As you read the headline, you may shake your head and shrug. Who cares about templates? Templates are so boring. Brand is all about the visual identity some may say.
And my friends, there lies the issue. Templates reinforce the brand, but they are seen as necessary evils that no one wants spend spend time on. It’s tedious work to think about business cards, word documents, proposals, stationery, and guides. It takes several conversations, meetings, countless emails, and time to coordinate and communicate the process.
Truth be told, templates are vital to educate your frontline advocates, employees.
The reality is most brand projects focus on the visual identity and leave templates to the end. And, by the end of the brand process, there is no stamina or money left to build these critical elements. This is a missed opportunity for a number of reasons:
- Consistency. The longer you wait to deliver templates, the more difficult it is to maintain consistent message and brand. Why? The larger your organization is, the more templates and versions are floating around. Just ask your sales team. They have different versions and messaging sheets saved on their laptops. Since templates are saved to personal folders or machines, it is not always clear what is current or not.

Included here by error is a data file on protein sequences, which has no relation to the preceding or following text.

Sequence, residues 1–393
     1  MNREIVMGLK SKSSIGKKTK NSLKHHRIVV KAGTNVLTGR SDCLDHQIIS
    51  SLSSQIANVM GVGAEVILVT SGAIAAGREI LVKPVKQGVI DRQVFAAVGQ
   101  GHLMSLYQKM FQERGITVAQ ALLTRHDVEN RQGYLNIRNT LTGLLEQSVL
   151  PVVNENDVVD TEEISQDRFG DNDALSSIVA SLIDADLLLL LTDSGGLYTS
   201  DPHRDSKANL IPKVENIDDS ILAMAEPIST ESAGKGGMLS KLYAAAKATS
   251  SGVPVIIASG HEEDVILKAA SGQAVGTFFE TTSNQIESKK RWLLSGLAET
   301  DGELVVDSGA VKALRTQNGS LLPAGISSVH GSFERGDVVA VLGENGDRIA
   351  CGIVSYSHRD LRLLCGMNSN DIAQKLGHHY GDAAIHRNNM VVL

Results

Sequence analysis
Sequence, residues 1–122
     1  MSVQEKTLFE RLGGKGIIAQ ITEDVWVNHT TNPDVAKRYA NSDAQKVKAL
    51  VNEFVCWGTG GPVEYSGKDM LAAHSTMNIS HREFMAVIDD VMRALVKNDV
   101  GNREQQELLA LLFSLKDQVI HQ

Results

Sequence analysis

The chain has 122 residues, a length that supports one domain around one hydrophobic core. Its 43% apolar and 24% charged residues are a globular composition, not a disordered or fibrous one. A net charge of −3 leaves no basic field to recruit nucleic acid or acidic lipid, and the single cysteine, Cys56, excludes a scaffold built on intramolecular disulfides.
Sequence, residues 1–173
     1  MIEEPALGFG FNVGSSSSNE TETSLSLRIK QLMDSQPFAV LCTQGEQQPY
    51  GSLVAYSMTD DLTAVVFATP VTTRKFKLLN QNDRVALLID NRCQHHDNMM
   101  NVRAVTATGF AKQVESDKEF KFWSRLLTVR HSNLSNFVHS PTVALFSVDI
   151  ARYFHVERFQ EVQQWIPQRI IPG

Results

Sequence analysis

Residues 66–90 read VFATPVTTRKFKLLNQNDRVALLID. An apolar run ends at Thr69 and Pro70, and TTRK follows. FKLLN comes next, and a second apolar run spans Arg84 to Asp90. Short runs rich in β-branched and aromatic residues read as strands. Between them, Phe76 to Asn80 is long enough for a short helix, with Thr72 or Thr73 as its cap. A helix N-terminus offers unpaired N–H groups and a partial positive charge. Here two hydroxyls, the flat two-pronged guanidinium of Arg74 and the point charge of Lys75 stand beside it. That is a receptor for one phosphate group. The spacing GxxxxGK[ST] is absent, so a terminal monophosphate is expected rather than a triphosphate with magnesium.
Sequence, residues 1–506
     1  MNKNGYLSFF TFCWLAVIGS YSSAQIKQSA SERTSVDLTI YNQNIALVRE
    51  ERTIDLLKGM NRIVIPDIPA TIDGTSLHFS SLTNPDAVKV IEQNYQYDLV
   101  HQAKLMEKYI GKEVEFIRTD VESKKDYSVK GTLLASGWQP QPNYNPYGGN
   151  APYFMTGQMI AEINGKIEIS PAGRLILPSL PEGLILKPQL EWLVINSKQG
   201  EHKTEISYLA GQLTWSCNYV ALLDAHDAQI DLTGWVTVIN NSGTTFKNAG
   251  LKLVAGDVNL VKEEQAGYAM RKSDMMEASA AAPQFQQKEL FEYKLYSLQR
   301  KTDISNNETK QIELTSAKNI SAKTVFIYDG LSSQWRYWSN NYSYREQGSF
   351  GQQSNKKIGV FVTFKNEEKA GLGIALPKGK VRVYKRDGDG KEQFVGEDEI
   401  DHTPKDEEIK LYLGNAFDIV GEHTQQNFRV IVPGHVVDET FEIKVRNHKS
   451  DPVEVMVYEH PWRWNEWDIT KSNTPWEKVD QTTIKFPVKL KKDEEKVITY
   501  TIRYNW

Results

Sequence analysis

- Governance. Tied closely to consistency, multiple versions of templates make governance challenging because of version control and maintenance. Ask any creative team. If your templates are not updated, it is difficult for them and their partners to maintain the brand and govern identity.
- Messaging. Templates may not seem like a messaging vehicle but they are. The colors, pictures, layout, and tone all communicate your brand and what your organization stand for.
- Enablement. To change your employees communication of your brand, they need templates to do this. Left to their own devices and ideas, you will have multiple versions and identities that muddle your positioning.
- Money. Multiple version equals more money. It is just that simple.
If your company wants to help employees embrace the brand, then make sure to consider how templates will be deployed and used. Spend the time meeting with stakeholders across the business to find out how they use templates. It is tedious to interview everyone, but the end product will not only be visually appealing, but functional.